Seeing Jupiter’s Aurora in a Different Light by Dr Affelia Wibisono
Updated: Mar 5
Our first Christmas Lecture since returning to face-to-face meetings was given by Dr Affelia Wibisono in the wonderful surroundings of Queen’s House at the National Maritime Museum, our usual lecture theatre venue being unavailable.
Affelia is currently an Astronomy Education Officer at the Royal Observatory Greenwich, having recently completed a PhD at UCL’s Mullard Space Science Laboratory, as well as being a regular presenter in the ROG Planetarium over the last 8 years.
After a few words of introduction by Tej, Affelia gave a talk on the mystery of Jupiter’s aurora. Jupiter’s aurora are around 1,000 times more powerful than those on Earth and are constantly active.
Affelia gave us an overview of the various missions that have analysed Jupiter’s X-ray aurora, which were first discovered by the Voyager 1 space probe in 1979. It was not clear how the energy required to produce the aurora was generated. The most recent research used data from the XMM-Newton telescope, the Hubble Space Telescope and the Juno spacecraft, leading to a complete view of what causes Jupiter’s X-ray aurora.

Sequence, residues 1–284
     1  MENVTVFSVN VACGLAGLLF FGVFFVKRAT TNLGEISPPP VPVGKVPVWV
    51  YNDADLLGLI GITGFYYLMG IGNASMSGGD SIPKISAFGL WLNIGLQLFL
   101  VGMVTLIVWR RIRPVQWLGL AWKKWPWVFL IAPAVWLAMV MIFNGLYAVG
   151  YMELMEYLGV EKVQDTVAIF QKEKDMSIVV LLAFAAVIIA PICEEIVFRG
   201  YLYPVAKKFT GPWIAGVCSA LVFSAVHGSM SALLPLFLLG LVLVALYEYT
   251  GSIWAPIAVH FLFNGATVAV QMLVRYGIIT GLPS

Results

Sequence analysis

Affelia finished by explaining that the process found on Jupiter could also be applicable to the other outer planets; Saturn, Uranus and Neptune… and may also be applicable to exoplanets orbiting other stars. The SMILE mission is due to launch in 2025 which will hopefully answer questions about the solar wind and its interaction with the magnetosphere, leading to a greater understanding about auroral activity.
Our thanks to Affelia for an excellent lecture.
Flamsteed members who missed the live event, or those who would like to see it again, can find a recording of the talk here (password supplied to members via email):
Photos from the evening by Bobby Manoo, Adrian Challinor, Gurinder Lall and Poly Philippou.